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  #1  
Old 08-29-2009, 03:24 PM
f4imatt f4imatt is offline
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home made pontoon

Hey guys. Great site! I am getting ready to start a build on a small pontoon for family fishing. I am thinking of using 12" concrete forms for the pontoons. Has anyone tried this? I plan on making the pontoons 12 feet long and divided into 3 sections. I will attach the 3 and use 1-2 layers of chopped mat to waterproof and strengthen the toons. I am attempting to build this for around 300-500 bucks. I would like the deck to be approx 10'x5' and plan on using treated 2x4s and osb siding as the deck. After the construction the entire boat will be coated in resin and painted. How much weight can I expect 2 12" pontoons 12 feet in length to hold? Any advice will be greatly appreciated. Thanks in advance.
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Old 08-29-2009, 04:40 PM
f4imatt f4imatt is offline
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I am thinking that 12 inch may be too small unless I were to do a 3 toon. By my figures from info found here a 12" tube 12' long would hold approx 546 lbs each so divided by 2 with 2 toons should hold 546 pounds - deck and toon weight. I think I may have to do square toons or larger diameter round maybe 14-16" diameter. Am I correct?
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Old 08-29-2009, 05:34 PM
messabout messabout is offline
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A 12" diameter by 12 foot long object will displace 588 pounds of fresh water. That is if the ends are blunt. A 14 inch square toon will dis place a tad more than 1000 pounds. You would surely not want to use all that capacity. Half that much might be OK. In that case the 12' round one would be good for 294 pounds more or less. That does not provide an assuring margin of safety. Go for the bigger sections by all means.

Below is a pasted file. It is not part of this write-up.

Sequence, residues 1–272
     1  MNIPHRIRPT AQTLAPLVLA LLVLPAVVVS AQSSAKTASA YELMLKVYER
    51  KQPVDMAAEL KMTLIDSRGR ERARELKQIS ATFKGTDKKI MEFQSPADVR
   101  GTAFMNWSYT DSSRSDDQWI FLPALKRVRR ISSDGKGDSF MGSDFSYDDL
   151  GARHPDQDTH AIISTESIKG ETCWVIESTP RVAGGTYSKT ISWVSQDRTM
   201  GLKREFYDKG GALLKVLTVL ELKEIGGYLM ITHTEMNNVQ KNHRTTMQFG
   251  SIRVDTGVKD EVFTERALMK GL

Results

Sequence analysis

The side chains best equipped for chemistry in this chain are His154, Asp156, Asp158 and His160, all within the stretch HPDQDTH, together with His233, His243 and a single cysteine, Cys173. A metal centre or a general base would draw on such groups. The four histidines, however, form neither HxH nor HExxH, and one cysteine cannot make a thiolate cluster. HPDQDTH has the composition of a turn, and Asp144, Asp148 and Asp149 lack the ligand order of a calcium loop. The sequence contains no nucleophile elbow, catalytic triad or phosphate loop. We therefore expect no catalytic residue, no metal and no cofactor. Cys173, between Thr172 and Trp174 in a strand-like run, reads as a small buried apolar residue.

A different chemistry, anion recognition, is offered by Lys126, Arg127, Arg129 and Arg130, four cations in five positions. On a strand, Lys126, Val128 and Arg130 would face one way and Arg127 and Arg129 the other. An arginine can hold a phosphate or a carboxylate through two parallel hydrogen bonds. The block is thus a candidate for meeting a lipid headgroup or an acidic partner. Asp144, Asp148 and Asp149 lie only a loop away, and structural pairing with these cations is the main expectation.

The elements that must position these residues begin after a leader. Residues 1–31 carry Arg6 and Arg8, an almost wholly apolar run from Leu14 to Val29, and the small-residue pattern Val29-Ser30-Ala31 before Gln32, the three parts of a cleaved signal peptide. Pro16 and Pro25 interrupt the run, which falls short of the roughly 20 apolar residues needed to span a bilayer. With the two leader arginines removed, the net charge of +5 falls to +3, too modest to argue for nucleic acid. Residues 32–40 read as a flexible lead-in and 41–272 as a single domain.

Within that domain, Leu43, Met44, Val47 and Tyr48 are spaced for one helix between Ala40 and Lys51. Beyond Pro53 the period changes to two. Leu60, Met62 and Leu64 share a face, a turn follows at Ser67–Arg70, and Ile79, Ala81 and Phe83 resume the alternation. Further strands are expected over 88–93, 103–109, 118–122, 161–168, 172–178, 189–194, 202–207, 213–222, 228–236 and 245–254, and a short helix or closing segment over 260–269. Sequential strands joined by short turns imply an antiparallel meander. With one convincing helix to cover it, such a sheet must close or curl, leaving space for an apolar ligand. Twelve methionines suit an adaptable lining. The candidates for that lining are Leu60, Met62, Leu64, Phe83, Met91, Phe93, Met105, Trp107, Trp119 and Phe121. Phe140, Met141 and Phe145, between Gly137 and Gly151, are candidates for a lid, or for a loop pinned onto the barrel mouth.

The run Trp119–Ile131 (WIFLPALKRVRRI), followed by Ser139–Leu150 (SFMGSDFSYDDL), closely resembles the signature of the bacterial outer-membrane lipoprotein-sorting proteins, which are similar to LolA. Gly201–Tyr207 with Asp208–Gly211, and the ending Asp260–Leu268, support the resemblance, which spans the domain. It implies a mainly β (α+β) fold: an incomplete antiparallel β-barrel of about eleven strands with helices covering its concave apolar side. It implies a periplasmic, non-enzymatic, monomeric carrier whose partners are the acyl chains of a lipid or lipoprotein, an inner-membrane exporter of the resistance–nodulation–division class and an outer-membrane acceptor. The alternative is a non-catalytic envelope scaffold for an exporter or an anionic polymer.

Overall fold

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Old 08-29-2009, 05:46 PM
f4imatt f4imatt is offline
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Thanks. I am thinking 16" would be much better. I will probably build wood toons in that case. I figure around 1000lb capacity will suit my needs.
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Old 08-29-2009, 06:48 PM
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alan white alan white is offline
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Forget sonotubes for anything near water. They are basically plain cardboard.
As a form, they are not easy to keep exactly round, but for your needs, they would work as forms (unless you want a lot of extra weight).
As a form, spiral wax paper around a tube and glass over that, then remove the tube. You can remove it easily once you get a hold of the cardboard and pull, because the tube is actually a coil.
Yes, they make sizes up to huge, so the sonotubes are still a good idea. You can even pinch the ends for bows, but you might leave a bit of cardboard within, but so what?
I suggest you work with no longer than 8 ft sections at a time, then join with glass tape.